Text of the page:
At first disturbing and controversial, public art in Qatar is becoming for many people an acceptable means of provoking debate and making political and social statements.
“When Qatar Museums started improving the public art scene in 2013, there was a volcano of things at the same time,” said Layla Ibrahim Bacha, senior art specialist at Qatar Foundation. “Suddenly we were moving from decorative pieces at roundabouts to rotten cows and burnt chicken. So when you ask the public about their reaction to this, I think the answer is very simple: It was too much.”
In 2013, a series of 14 bronze sculptures chronicling the gestation of a fetus inside a uterus from conception to birth, by the controversial British artist Damien Hirst, created a public uproar. The pieces, first installed at Sidra Medicine healthcare facility in 2013, remained covered for five years. In the same year, Qatar hosted Hirst’s first solo retrospective exhibition in the Middle East, titled Relics, featuring pieces like decomposing cows and sharks preserved in formaldehyde.
L’age d’or, an exhibition by Adel Abdessemed, opened around the same time at Mathaf: Arab Museum of Modern Art. It included a video featuring a line of chickens against a wall of fire, which attracted a lot of criticism.
A five-meter bronze statue of the French footballer Zinedine Zidane head-butting the Italian player Marco Matezarri in the 2006 World Cup final by the same artist was taken down from the Corniche in Doha two weeks after its installation because of the strong reactions it caused on social media.
‘A Learning Path for Everyone’
Bacha, who oversees Qatar Foundation’s public art strategies, collection management, and commissions of major artworks, says that you can’t dictate what the public thinks of an artwork or how they interpret it, but you can give them context. (See a related article, “Young Art Executive Has a Key Role in Qatar’s Public Art Scene.”)
“It’s a learning path for everyone. It’s all about us learning, the public learning and telling the public why those artworks are here and what are the stories behind them,” she said. “Now we can see that the public is more open to view new designs and themes because of all these experiences.”
In 2016, the Qatar Foundation started tours to introduce its collection of about 150 pieces of art to the staff and students of the organization. As interest in the art pieces grew, the foundation organized guided tours for the public.
“That’s when it became really successful,” Bacha said. “The Art Trail program made those pieces accessible to everyone and created a connection between public artworks and the public who want to learn more about the pieces.”
Murals and Street Art
In November last year, Qatar Museums launched a project called Jedariart, which allowed local artists to express themselves on walls across the city through murals and street art.
The project enabled Michael Anthony Perrone, an assistant professor in the painting and printmaking department at Virginia Commonwealth University in Qatar, to connect with his students when he was stuck in the United States due to Covid-19 restrictions.
At the time, Perrone was painting a mural that traces the crack lines on a wall under renovation at his home in Vermont. He had students replicate the mural at an underpass that leads to a well-known shopping mall in Doha.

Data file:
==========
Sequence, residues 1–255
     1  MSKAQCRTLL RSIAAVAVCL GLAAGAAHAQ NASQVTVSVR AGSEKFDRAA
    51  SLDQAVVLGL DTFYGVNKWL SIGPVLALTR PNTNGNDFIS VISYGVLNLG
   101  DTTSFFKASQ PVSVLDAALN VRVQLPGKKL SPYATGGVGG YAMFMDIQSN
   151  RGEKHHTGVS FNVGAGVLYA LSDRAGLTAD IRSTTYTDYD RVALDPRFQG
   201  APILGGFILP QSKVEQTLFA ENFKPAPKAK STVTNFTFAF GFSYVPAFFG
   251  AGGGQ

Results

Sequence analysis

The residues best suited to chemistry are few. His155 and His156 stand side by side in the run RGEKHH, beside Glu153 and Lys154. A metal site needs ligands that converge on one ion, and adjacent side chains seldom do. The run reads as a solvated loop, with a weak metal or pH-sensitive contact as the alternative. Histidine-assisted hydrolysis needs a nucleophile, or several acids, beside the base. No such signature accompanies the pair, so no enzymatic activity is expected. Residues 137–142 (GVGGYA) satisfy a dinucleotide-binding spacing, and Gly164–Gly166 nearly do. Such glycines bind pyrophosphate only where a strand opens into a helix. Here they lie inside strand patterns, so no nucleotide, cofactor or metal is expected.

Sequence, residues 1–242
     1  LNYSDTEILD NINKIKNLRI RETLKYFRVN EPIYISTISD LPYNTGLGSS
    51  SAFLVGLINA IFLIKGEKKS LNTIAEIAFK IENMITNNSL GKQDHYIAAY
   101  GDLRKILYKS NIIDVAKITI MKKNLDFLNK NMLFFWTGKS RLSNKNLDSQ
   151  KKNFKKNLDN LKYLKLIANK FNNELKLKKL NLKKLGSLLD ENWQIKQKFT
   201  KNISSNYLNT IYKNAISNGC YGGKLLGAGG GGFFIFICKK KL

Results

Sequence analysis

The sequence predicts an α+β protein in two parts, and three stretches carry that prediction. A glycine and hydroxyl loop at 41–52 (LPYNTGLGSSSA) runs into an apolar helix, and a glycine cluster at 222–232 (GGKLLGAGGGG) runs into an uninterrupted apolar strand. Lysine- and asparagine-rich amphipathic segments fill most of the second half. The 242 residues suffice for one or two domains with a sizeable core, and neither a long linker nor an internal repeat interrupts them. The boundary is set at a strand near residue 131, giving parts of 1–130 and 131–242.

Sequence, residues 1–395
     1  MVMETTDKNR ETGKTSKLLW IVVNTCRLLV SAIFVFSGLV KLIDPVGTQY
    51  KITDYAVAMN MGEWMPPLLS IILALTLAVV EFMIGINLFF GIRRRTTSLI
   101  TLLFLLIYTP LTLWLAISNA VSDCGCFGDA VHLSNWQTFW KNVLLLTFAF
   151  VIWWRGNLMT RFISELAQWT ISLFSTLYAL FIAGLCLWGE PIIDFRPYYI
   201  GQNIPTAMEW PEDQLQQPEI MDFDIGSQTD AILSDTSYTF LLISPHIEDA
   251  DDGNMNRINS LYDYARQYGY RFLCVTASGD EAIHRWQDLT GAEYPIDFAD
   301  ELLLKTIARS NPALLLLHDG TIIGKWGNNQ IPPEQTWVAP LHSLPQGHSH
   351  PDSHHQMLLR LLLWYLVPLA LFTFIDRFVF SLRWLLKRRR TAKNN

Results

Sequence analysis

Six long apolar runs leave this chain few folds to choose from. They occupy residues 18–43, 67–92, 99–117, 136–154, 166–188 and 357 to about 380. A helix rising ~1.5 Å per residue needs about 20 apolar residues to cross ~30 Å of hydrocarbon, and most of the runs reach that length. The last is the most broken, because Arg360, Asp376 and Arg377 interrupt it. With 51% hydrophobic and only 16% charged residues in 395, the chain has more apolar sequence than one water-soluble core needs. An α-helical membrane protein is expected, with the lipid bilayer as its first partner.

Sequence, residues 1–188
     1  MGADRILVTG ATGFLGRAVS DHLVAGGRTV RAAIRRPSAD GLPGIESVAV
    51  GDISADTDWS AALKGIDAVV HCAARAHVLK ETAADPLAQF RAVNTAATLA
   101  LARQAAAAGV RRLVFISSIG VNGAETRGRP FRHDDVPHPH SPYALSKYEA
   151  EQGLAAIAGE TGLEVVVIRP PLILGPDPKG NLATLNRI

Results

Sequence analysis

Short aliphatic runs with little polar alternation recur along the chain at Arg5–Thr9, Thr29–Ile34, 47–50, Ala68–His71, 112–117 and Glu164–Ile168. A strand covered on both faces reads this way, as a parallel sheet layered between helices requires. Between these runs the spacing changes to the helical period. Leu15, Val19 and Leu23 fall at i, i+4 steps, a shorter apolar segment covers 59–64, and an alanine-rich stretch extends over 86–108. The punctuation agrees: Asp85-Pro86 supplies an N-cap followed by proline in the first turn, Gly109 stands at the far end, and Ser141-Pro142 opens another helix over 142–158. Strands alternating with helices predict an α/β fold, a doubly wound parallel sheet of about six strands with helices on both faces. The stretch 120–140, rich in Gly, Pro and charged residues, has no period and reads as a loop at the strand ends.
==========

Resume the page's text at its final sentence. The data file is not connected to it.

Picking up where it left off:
“It was a good way for me as an artist to connect my two worlds,” he said. “By having that mural come here, a part of me and of my life in the U.S. could come here and connect with my life in Doha,” he said.
Perrone had always wanted to see his artwork displayed in an art gallery or a museum, but the Jedariart project made him excited about the prospects of public art.
“I think the goal of this project was to engage the public and make art a safe place to come to,” he said, “because sometimes people are afraid to look at art. They think that they are not smart enough or not trained to know what to think.”
Perrone said public artists should be aware of the cultural context and make work that is more embraceable and acceptable to the public.
‘Public Art Speaks to Society’
Ali A. Al-Raouf, a professor of architecture, urbanism and planning theories at Qatar’s Hamad Bin Khalifa University, agrees.
“Public art speaks to society,” Al-Raouf said. “Therefore, it is necessary to understand the values of the society that lives in this city when making the choice of public art.”
Al-Raouf, who is interested in the interaction between the human and the public spheres, identifies three major changes in the public art scene in Qatar. First, people who previously could choose whether to visit museums and art galleries have an almost obligatory relationship with public art, which forces them to interact with it.
The second change was moving from direct and simple artwork to work that stirs debates, raises questions and inspires viewers. The third was from scattered art pieces to a strategy of installing public art in places that attract people.
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A research paper to be released soon by Al-Raouf examines the success of Matafi, a renovated fire station that was transformed into an art center and a hub for the city’s residents, combining public space, public art, and places where people go to have a good time.
Al-Raouf says this type of architectural planning creates a spirit of belonging that can only be achieved when people begin to sense that these places embrace them.
“The highest degree of success is that a place of public art becomes a destination for society members,” he said. “When this happens, nationality, social class and prejudices fall because people feel that this space addresses them as human beings.”